http://orthocath.wordpress.com/2010/05/07/st-alexis-of-wilkes-barre-pray-to-god-for-us/
And from the Catholic Disinformaton Service
Quote
On balance, however, I am of the opinion that the Archbishop was far more in the wrong, and over far more substantial matters, than was Father Toth. That said, I should also state that the Archbishop's errors should in no way have permitted Father Toth to justify to himself his apostasy to the Church]
http://www.cin.org/clash13.html
What St. Alexis was "wrong" about is not specified.  What is was wrong on was placing false hope in the Vatican.  Nothing more.

Oh, right, the semantic game. No, thanks.

Again I never make excuses for John Ireland. He started it.

Though these are a definite minority within Byzantine Catholicism, St. Alexis’ icon hangs in many Byzantine Catholic home icon corners.

A definite minority all right. I'd bet you a pierogi platter that next to none of them have last names ending in -sky, -ko, or -uk.

And how many American Greek Catholics and American Orthodox outside convert-land have icon corners? (Not that icon corners are bad. Not at all.) Like Westerners, not every Easterner is devout. Lots of Orthodox only see icons in church, when they happen to go there (for family events, etc.).
« Last Edit: June 26, 2013, 12:46:06 PM by The young fogey » Logged

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« Reply #138 on: June 26, 2013, 01:58:51 PM »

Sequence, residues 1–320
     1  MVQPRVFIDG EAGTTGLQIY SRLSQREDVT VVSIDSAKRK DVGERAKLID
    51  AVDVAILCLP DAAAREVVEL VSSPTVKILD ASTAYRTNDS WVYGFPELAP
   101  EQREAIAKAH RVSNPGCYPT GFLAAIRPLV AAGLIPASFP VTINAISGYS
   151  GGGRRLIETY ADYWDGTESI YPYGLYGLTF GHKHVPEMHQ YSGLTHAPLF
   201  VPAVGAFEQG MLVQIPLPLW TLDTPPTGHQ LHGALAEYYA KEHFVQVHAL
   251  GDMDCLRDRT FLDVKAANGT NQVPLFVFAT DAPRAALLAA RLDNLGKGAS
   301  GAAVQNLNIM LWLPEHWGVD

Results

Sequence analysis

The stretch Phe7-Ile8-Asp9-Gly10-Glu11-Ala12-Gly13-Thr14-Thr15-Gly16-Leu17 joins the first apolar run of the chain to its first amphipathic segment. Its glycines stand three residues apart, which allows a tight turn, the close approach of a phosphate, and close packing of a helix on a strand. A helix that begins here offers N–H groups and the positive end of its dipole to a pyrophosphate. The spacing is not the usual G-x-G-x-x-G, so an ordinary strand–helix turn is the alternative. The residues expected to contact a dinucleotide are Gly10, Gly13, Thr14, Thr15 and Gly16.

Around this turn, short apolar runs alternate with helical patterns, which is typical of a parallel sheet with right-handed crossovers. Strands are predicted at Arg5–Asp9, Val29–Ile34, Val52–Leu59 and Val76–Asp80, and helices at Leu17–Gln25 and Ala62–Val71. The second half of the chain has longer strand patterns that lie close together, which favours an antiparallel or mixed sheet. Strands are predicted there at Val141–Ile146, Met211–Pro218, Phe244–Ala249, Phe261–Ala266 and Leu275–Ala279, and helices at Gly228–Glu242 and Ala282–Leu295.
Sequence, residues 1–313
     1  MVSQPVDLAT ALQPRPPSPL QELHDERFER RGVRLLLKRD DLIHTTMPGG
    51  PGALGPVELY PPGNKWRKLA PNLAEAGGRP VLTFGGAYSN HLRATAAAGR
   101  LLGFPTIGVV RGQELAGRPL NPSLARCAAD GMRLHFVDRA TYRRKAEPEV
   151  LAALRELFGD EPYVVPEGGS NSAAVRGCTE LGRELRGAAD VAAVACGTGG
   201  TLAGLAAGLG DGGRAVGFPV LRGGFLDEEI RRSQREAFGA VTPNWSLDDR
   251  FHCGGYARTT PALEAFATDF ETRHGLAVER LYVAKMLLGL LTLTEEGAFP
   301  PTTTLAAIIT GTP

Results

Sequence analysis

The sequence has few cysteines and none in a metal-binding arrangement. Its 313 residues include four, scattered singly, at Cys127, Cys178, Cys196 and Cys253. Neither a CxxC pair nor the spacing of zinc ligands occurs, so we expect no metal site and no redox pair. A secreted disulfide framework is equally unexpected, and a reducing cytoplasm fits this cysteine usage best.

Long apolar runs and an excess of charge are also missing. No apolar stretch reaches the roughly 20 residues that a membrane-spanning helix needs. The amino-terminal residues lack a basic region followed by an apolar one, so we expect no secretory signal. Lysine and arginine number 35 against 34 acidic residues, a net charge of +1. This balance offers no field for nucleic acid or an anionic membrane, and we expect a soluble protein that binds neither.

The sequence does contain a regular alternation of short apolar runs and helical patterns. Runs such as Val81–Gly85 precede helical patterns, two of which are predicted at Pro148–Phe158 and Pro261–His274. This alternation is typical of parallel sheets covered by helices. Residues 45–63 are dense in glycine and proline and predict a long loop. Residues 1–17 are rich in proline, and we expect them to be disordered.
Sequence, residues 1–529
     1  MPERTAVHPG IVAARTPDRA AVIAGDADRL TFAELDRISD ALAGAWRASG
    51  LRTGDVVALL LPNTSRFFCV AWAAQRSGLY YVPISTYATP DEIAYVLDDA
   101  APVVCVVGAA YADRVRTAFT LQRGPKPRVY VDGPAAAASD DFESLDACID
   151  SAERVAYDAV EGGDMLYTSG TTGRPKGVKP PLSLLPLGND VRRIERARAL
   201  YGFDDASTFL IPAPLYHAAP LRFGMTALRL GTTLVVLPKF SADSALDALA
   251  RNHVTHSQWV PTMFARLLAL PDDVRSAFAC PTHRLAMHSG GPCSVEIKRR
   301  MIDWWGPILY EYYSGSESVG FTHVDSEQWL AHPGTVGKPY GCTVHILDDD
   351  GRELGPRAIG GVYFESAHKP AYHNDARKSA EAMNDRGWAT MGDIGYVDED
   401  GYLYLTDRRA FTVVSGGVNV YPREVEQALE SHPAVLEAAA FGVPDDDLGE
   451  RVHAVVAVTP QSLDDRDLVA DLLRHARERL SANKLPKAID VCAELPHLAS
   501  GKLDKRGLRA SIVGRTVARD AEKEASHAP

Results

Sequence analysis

And from the Catholic Disinformaton Service
Quote
On balance, however, I am of the opinion that the Archbishop was far more in the wrong, and over far more substantial matters, than was Father Toth. That said, I should also state that the Archbishop's errors should in no way have permitted Father Toth to justify to himself his apostasy to the Church]
http://www.cin.org/clash13.html
What St. Alexis was "wrong" about is not specified.  What is was wrong on was placing false hope in the Vatican.  Nothing more.

Again I never make excuses for John Ireland. He started it.

Though these are a definite minority within Byzantine Catholicism, St. Alexis’ icon hangs in many Byzantine Catholic home icon corners.

A definite minority all right. I'd bet you a pierogi platter that next to none of them have last names ending in -sky, -ko, or -uk.

Possibly. Nevertheless, I think I have more respect for those Catholics who have icons of him, than those Catholics who call his action "apostasy".
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« Reply #139 on: June 26, 2013, 02:01:35 PM »

Fogey, I believe the current Byzantine Catholic Triodon follows that of the Slavic Orthodox, including the commemoration of St Gregory Palamas on the second Sunday of Lent. The old, pre war Typicons and Sluzebniks printed in L'viv, Presov or Ungvar did not. Deacon Lance can correct me if I am wrong.

And, to my chagrin, absent your tendency to the hyperbolic, I agree with much of what you say regarding SOME of the "major" theological distinctions between us which have been cemented by centuries of apologists, heated polemics, geopolitics etc.. but in the end just as location, location and location are the three key selling points for real estate, it is the problems presented by the papacy (universal jurisdiction), the papacy (infallibility) and the papacy (as the Vicar of Christ) which places us apart at the edge of a very narrow, yet very deep divide.